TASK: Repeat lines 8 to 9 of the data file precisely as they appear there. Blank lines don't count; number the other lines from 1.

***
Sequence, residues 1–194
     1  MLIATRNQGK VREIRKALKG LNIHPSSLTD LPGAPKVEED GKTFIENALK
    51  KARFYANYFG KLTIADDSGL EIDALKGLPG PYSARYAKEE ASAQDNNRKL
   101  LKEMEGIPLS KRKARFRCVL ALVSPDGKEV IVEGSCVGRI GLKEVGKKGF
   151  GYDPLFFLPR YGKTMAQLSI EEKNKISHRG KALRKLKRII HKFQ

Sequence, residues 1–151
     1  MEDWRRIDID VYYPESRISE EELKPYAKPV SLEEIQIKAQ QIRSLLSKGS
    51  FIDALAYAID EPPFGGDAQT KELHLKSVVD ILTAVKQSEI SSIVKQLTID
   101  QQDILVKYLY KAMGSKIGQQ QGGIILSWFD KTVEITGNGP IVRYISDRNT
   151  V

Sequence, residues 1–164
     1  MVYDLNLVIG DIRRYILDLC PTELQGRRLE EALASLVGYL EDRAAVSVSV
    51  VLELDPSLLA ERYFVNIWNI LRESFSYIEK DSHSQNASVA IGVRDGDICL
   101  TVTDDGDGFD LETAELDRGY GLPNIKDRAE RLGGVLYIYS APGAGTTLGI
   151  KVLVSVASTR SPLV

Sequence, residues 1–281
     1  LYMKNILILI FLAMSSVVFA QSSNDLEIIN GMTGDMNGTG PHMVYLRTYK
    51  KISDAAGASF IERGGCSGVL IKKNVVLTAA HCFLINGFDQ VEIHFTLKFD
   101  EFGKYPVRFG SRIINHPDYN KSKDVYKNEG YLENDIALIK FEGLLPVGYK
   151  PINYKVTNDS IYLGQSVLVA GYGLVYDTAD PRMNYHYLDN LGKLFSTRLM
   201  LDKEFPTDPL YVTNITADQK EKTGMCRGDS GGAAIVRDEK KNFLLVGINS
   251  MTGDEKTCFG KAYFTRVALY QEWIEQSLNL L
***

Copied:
    51  FIDALAYAID EPPFGGDAQT KELHLKSVVD ILTAVKQSEI SSIVKQLTID
   101  QQDILVKYLY KAMGSKIGQQ QGGIILSWFD KTVEITGNGP IVRYISDRNT